Table 1. Quadrat surveys that found Pleurobema sintoxia present in Canada from 2003-2012. Quadrat surveys consist of excavation surveys of ~20% of 400 m2. Shells were either not recorded or not found during these surveys. Live column is the total # of live P. sintoxia found at that site for all surveys of the unique locality. Sample sites are numbered based on date of earliest sampling rather than specific locality (e.g., latitude and longitude); specific locality information is housed in the Department of Fisheries and Oceans database. Site numbers are not related to those in Figure 2; see text for explanation.
WaterbodySite NumberNumber of Surveys (2003-2012)Live
Grand RiverSite 116
Sydenham RiverSite 113
Sydenham RiverSite 222
Sydenham RiverSite 312
Sydenham RiverSite 4129
Sydenham RiverSite 511
Bear CreekSite 6 (Bear Creek)11
Sydenham RiverSite 716
Middle Thames RiverSite 1110
Thames River – McGregor CreekSite 212
Table 2. Surveys that found Pleurobema sintoxia present in Canada from 2003-2012. Live column is the total # of live P. sintoxia found at that site for all surveys at the unique locality. Sample sites are numbered based on date of earliest sampling rather than on specific locality (e.g., latitude and longitude); specific site information is housed in the Department of Fisheries and Oceans database. Not all methods or efforts were recorded but the best available data are in the Method/Effort column. ? indicates unknown or not recorded for the total person-hours surveyed. Site numbers do not correspond to sites in the Figure 2; see text for details.
WaterbodySite NumberNumber of Surveys (2003-2012)LiveFresh Shells (Whole)Weathered Shells (Whole)Weathered Shells (valve)Method/Effort (person-hours)
Grand RiverSite 126010Timed/10.25
Grand RiverSite 21 000Timed/6
Lake ErieSite 110002Snorkel/1.5
Lake ErieSite 210002Visual beach search/?
Lake St. ClairSite 111000Snorkel/3.5
Lake St. ClairSite 2387000Stake & rope (x2)/? + half hectare/?
Lake St. ClairSite 3315000Stake & rope (x2)/? + 3 100m transects/?
Lake St. ClairSite 4145000Snorkel/4
Lake St. ClairSite 5379000Stake & rope/? + untimed species relocation + unknown survey
Lake St. ClairSite 6574000Stake & rope (x2)/? + half hectare/?
Lake St. ClairSite 7467000(x2)/? + quantitative/2 + half hectare (x2)/2+stake & rope/?
Lake St. ClairSite 824000Stake & rope (x2)/?
Lake St. ClairSite 913000Snorkel/3
Lake St. ClairSite 10310000Timed/(3x30 min) + Stake & rope (x2)/?
Lake St. ClairSite 1110100Stake & rope /?
Lake St. ClairSite 1210100Stake & rope /?
Lake St. ClairSite 1311000Stake & rope /?
Middle Thames RiverSite 1236000Timed/4.5 + quantitative/?
Middle Thames RiverSite 111000Incidental observation/?
South Thames RiverSite 111000Timed/4.5
Sydenham RiverSite 1613000Timed/26.25 + unknown methods (x2)/?
Sydenham RiverSite 212000Timed/5.1
Sydenham RiverSite 333000Timed/12.75 + unknown search methods(x2)/?
Sydenham RiverSite 412000Unknown/?
Sydenham RiverSite 511000Unknown/?
Sydenham RiverSite 611000Unknown/?
Sydenham RiverSite 722000Unknown/?
Thames RiverSite 110000Timed/4.5
Figure 1. Historical extent of occurrence for Pleurobema sintoxia, which shows all records (live, fresh, and weathered shells) from 1885 to 2012 and is based on minimum convex polygon within Canada’s extent of jurisdiction. COSEWIC (2004) states EO = 12,360 km2, recalculation with US EO = 10,309 km2, within Canada’s extent of jurisdiction EO = 10,224 km2.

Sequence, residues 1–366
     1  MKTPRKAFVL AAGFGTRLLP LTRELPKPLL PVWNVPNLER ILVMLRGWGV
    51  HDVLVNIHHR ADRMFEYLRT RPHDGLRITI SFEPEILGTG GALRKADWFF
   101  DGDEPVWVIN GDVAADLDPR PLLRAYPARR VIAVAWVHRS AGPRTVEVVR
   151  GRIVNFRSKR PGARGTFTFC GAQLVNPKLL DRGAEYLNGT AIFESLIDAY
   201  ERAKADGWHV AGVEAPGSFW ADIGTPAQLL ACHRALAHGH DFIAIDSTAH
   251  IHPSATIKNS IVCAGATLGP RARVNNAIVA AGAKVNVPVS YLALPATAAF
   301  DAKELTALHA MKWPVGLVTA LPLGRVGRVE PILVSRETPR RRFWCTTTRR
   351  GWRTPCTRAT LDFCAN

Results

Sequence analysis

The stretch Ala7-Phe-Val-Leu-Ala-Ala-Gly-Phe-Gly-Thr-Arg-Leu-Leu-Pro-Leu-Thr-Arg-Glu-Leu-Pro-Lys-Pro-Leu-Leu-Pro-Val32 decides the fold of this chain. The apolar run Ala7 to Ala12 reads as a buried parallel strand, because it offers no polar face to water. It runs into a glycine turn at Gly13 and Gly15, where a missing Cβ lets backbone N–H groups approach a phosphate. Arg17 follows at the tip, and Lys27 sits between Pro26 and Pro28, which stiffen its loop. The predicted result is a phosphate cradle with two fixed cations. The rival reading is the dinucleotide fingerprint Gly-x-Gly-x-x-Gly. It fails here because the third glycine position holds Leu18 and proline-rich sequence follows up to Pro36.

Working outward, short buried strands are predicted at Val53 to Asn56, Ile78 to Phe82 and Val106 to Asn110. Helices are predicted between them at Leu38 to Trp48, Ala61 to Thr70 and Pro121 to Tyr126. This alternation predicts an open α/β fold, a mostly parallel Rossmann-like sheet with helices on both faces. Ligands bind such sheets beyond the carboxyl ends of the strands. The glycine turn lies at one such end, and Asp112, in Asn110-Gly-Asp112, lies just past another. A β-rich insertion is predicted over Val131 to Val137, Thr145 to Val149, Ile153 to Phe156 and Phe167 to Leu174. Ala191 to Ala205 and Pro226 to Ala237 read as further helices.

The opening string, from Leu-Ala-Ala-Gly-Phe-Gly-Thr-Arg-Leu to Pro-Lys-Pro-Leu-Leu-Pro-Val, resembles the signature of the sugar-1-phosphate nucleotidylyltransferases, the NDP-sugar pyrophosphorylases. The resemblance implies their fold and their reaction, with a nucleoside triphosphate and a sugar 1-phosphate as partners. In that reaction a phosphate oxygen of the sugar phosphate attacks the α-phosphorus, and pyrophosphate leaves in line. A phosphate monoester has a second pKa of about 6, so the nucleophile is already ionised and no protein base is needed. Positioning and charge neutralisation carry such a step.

Map of occurrence for Pleurobema sintoxia 1 (see long description below)
Long description for Figure 1

Map showing the historical occurrence (1885 to 2012) of Pleurobema sintoxia, which is based on observations of live shells, fresh shells and old shells in Canada. Symbols indicate the localities where the species was observed, and the occurrence is shown by a minimum convex polygon.

Figure 2. Current extent of occurrence for Pleurobema sintoxia, which shows sites of live and fresh shells (whole) from 2003 to present. EO = 3,018 km2. Red circles indicate viable and reproducing locations. Locations 1 and 2 have large numbers of reproducing individuals. Purple circles indicate locations with large/old individuals with no signs of reproduction and/or low numbers. Location 3 represents only large/old individuals which are potentially not reproducing. Location 4 is only 2 sites with 8 large/old individuals. Location 5, Bear Creek of North Sydenham River represents only 2 individuals that appeared not viable. Location 6, McGregor Creek of Thames River, represents two live animals that appeared likely not viable.
Map of occurrence for Pleurobema sintoxia 2 (see long description below)
Long description for Figure 2

Map showing the current extent of occurrence of Pleurobema sintoxia in Canada, which is based on observations of live shells and fresh shells (whole) from 2003 until now. Symbols indicate the localities where the species was observed, and the occurrence is shown by a minimum convex polygon. The circles that encompass two groups of sites (numbers 1 and 2) indicate that these sites have viable breeding individuals. The circles that encompass two groups of sites (numbers 3 and 4) indicate that the sites have large individuals or older who show no sign of reproductive or whose numbers are low.

Figure 3. Historical index of area of occupancy for Pleurobema sintoxia (pre-2002). 2 km x 2 km grid IAO calculation based on above; replicates of exact sites were combined to one site.
Map of occurrence for Pleurobema sintoxia 3 (see long description below)
Long description for Figure 3

Map showing the AO index (IAO) history of Pleurobema sintoxia in Canada before 2002. The symbols indicate the sites where live or fresh shells were found, and IAO is shown through a gate 2 square kilometers across.

Figure 4. 2002- 2012 index of area of occupancy for Pleurobema sintoxia. 2 km x 2 km grid AO calculation based on above; replicates of exact sites were combined to one site.
Map of occurrence for Pleurobema sintoxia 4 (see long description below)